A few of us went to Virginia to get in some hill work. The plan was to do 4 loops of the trail, for 104 miles.
Friday morning, it was sunny and around..30? Great weather to run in.
Bradley Mongold and Jill Cantafio came out on Friday. Bradley was running the loop with me, and Jill was going to get some hiking on her own in.
We had a great time chatting, and the time went by, very quickly, as it is apt to do, when spent with friends.
We got back in under 8 hours, and Brad and Jill helped crew me with a quick wardrobe change, soup, and I was out on Loop Two, by myself. Now the objective was, to get through as much trail as I could in the daylight.
Kimba and Mongold
First time through Camp Todd
Loop Two wasn’t as fun as Loop One.
I was also going in the Clockwise direction, and we had done Loop One in the Counterclockwise direction. It seemed that the CW direction was..harder than CCW.
I changed a sock (just one) a few miles up the trail, as it seemed my foot pad felt a bit funny.
I got turned around just up Hankey’s Mountain, and had to back track about 1/4 of a mile. Hard to explain what happened, but I was glad I had a map and a compass with me to know what direction to go in!
I did have to turn on the light to run down the technical Hankey’s Mountain.
Now I was climbing Big Bald Knob, and looking for the spring. And I knew I would be running into Slim here, somewhere. To my surprise, I hear him hooting from the spring, so we can both fill water bottles, and chat! We agree to run Loop Three together, and Slim will just wait for me back at the van.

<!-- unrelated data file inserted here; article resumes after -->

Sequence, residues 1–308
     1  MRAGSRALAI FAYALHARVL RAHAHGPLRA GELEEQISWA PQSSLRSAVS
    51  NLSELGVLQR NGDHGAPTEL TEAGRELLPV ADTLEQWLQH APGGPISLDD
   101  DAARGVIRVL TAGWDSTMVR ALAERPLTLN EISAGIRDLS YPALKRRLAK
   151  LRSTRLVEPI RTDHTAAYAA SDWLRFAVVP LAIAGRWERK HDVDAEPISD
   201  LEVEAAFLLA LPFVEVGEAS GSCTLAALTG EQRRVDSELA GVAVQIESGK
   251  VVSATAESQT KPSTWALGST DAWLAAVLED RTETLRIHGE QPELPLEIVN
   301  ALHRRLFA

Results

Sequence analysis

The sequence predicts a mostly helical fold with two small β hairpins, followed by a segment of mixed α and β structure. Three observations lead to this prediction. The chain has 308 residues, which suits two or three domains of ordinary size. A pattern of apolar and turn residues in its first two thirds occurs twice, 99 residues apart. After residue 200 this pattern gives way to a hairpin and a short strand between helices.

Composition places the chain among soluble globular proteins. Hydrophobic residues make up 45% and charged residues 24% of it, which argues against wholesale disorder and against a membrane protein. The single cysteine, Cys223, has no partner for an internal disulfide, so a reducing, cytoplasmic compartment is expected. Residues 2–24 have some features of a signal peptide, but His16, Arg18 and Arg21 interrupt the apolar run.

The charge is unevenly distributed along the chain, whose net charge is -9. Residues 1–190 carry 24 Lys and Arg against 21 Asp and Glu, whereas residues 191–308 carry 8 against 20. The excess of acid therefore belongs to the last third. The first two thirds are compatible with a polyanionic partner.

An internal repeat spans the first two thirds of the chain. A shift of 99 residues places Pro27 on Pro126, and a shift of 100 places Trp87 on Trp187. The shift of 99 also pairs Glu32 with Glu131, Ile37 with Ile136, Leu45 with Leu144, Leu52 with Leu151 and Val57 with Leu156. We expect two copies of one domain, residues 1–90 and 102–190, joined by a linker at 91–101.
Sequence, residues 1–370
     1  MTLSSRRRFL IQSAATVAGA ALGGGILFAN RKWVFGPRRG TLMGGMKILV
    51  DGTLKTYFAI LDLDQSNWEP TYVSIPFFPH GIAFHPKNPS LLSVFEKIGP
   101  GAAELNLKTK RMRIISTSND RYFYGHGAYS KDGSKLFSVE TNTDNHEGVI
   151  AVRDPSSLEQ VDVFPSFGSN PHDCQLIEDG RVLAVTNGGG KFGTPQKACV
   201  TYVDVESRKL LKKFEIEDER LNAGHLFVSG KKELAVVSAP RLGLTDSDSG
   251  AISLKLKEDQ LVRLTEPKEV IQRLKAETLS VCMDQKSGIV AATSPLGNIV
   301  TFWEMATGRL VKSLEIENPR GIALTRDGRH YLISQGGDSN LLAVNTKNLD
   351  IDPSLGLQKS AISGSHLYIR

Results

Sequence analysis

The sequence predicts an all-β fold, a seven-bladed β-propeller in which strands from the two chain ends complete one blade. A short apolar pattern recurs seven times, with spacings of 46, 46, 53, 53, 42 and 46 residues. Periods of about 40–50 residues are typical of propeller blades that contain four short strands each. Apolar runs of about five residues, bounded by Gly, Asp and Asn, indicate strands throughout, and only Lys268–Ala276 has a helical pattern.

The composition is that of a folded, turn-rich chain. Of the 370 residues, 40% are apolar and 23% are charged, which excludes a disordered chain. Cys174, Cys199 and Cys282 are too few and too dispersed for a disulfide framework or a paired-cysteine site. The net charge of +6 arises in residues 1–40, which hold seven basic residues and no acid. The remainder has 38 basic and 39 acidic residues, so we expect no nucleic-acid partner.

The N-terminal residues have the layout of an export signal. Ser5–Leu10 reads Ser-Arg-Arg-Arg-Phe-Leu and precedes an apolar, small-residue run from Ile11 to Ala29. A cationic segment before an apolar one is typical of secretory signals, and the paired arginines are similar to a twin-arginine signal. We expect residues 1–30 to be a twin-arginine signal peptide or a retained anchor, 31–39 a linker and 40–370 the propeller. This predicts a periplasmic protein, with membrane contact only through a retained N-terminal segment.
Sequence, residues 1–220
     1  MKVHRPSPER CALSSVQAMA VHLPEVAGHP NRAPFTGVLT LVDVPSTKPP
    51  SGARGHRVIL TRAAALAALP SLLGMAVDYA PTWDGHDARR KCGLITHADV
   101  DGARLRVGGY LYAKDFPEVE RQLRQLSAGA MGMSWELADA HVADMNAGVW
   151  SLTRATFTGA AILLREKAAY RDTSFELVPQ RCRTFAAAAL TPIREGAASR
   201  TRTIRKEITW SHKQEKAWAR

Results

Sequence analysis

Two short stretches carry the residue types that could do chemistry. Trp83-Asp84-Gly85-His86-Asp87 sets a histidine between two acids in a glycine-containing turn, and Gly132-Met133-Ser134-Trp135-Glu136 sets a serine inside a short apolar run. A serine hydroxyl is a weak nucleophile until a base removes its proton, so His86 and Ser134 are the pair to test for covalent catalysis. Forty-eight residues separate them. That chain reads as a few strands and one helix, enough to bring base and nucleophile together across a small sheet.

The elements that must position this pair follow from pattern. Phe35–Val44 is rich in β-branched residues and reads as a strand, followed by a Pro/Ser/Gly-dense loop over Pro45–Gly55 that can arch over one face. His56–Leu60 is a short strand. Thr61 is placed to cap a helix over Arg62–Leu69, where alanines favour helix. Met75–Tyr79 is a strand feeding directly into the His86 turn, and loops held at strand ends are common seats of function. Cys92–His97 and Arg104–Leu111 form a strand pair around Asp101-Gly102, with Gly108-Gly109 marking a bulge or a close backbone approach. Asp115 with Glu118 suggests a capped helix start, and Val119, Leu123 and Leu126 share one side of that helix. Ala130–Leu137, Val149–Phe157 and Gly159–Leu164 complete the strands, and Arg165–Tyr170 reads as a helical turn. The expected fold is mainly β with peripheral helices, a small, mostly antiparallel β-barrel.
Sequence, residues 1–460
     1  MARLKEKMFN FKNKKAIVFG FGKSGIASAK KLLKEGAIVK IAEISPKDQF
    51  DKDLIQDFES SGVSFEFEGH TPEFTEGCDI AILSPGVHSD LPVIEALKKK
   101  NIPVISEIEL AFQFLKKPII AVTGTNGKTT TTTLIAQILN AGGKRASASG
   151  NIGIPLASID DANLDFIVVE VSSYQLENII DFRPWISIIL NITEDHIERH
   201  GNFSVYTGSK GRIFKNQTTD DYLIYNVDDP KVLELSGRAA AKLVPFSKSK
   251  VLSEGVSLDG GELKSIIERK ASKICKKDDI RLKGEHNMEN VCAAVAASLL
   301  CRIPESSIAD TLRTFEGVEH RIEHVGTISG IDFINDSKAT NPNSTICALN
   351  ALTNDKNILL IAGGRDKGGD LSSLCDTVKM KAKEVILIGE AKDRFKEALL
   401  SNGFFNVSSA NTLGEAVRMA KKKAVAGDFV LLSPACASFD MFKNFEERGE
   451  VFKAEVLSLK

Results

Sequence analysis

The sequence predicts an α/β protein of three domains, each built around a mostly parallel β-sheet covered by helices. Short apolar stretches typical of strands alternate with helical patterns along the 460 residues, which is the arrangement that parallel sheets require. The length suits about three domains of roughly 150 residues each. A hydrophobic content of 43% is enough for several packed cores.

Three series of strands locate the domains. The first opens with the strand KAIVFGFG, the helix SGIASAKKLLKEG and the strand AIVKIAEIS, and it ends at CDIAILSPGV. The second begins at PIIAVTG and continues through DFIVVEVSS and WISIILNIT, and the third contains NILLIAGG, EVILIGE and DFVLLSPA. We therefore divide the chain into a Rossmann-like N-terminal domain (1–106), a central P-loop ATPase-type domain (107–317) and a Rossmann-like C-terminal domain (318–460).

I leave and continue to climb. I hear the coyotes yipping in the woods. They don’t concern me.
I finally get to the top of Big Bald Knob Mountain. The snow is falling, and the trail is close, with snow covering the laurel or rhododendrons through here. My gloves (cheap knit gloves) are getting soaked through and my hands are freezing. This rarely happens to me, I am usually running with the gloves off.
I did come somewhat prepared. I have two hand warmer packages-the type that you just open and expose to air, and they heat up-I take the gloves off, stash them, and put my spare socks on my hands. Of course, one of these is a “used” sock so you can imagine how this smells once they warm up!
But at least my hands are warm. Now I trip and fall. Big Bald Knob does not seem to want runners on its summit tonight, and I resolve to leave as quickly as I can.
I run into Eva, running solo, up the mountain. She offers to pace me on my fourth lap, and I am touched and honored by this!!
Now I have the climb to Little Bald Knob, about 3 miles uphill. It is very slow going. But I don’t notice any panting or breathing issues on this climb. Maybe I was moving slow enough that I did not notice my breath?
It’s night. It’s snowing. Still, I am okay. One of my mantras this day has been “There is no where else I would rather be” and it was still true.
I finally ascend Little Bald Knob, and then the downhill. Now I have Grindstone Mountain, but it’s “only” a 1000 feet or so of climb and descent. I’m looking forward to being done with Loop Two, and seeing Slim, and starting Loop Three.
Loop Three is the hardest to start. If you can start Loop Three, you can finish. Because if you do Loop Three, now you’re at 75 miles, and you would be silly *not* to get that finish. Slim stopped last year after two loops, and had been kicking himself ever since.
Slim and Kimba Big Bald Knob Mtn
I get back to the van, get changed, Slim gets soup for me, and we start back up the CCW direction, which starts with a big climb. Almost immediately I am panting, and we stop for a minute. I think we’ve just started out too quickly, since we’re both excited to have company again. I catch my breath and we start to climb again.
But I am shortly out of breath again. I am wearing my mask around my mouth and nose-I have been wearing that at all times since starting the second loop.
I can’t breathe. I can’t get any good lungfuls of air into my lungs. I am now doing the ten steps climb, and stop. We are barely moving. I’m getting pretty despondent.
About half-way up to Little Bald Knob I ask the question “where can I bail on this loop?”
Slim tells me I can take the forest road after the Little Bald Knob descent back to the trail head, probably about ten miles of road. We don’t discuss this.